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Frequently Asked Questions

FAQ

How Does it Work?

Traffic signal synchronization works by calculating the arrival time for a group of vehicles at each intersection traveling at a specified speed. The traffic signals are strategically timed to turn green as the group of vehicles arrive at each intersection. For the traffic signals to be synchronized, a group of signals must all be set to run on the same cycle length (the amount of time it takes for the signal to go from green to yellow to red, and back to green again).

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Why is signal synchronization needed?

Drivers often get frustrated when they have to stop at successive traffic lights, or when they have to wait a long time for a green light, especially when there appears to be no traffic in the other directions. Traffic signals are designed to distribute the green time to conflicting traffic streams, generally based on the traffic volumes. If the traffic on a main street is considerably higher than the side street, more green time may be given to the main street which could result in a longer wait for drivers on the side street. However, synchronizing signals along a main street can benefit all motorists because once a vehicle enters the main street, it may continue with minimal stopping. Hence, it is beneficial for both the main street and side street traffic. The goal of synchronization is to get the greatest number of vehicles through the intersections with the fewest stops.

 

How does traffic signal synchronization work?

The way traffic signal synchronization works is by calculating the arrival time for a group of vehicles at each intersection traveling at a specified speed, and then the traffic signals are strategically timed to turn green just as the group of vehicles arrive at each intersection. In order for the traffic signals to be synchronized, a group of signals must all be set to run on the same cycle length (the amount of time it takes for the signal to go from green to yellow to red; and back to green again - after the cross street has been serviced.

 

What is the Green Band?

The green band is a roughly 30 second window where motorists would see green lights along a corridor. Travel faster than the green band and you rush to a red light. The green band is typically set around the posted speed limit.

 

What is the best way to get through the most signals without stopping?

Keep your speed at or slightly below the speed limit and you will have a far better chance of arriving at intersections with a green light. If you drive too slow or too fast, you will be outside the green band and will see more red lights.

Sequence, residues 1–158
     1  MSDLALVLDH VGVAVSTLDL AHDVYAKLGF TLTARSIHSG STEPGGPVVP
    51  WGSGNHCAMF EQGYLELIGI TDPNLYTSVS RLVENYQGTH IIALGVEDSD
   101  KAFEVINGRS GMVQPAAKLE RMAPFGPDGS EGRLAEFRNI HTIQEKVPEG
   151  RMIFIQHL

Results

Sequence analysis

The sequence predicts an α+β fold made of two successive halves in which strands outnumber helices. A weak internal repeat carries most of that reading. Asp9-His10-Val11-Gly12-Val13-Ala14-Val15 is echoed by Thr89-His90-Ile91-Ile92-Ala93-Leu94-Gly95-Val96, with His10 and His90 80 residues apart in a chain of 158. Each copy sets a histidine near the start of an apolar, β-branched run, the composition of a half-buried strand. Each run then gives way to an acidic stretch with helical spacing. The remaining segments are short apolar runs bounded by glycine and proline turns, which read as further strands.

Why don’t I make it through all the lights even if I drive the speed limit?

Crossing other major roadways can make it difficult to provide a green light at every signal. Other challenges to synchronization include unevenly spaced signals, freeway crossings, variations in left-turn volumes, and travel through other cities.

 

Which traffic signals are synchronized?

CV Sync- Phase 1 will synchronize signals across jurisdictions on Highway 111, Ramon Road and Washington Street.  Additional corridors will be synchronized with future phases of the CV Sync project

 

What time of day are signals synchronized?

This can vary depending on the street and other traffic factors, but generally signals are synchronized on weekdays in the morning and afternoon rush hour. Additional synchronization for other time periods will be developed over time and for special events with coordinated messaging on Changeable Message Signs which are being installed with the project.  Traffic flows will be actively monitored and timing will be adjusted over time to improve signal operations.

 

How do traffic signal synchronization projects get funded?

CV Sync- Phase 1 is funded through a combination of local, State and Federal funding coordinated through the Coachella Valley Association of Governments (CVAG).  This regional approach, coordinated through CVAG allows more effective and efficient expenditure of funds and implementation.  This leads to a consistent regional standard for equipment and software enabling interoperability and simplified maintenance.  This approach also allows for coordination across jurisdictional boundaries.

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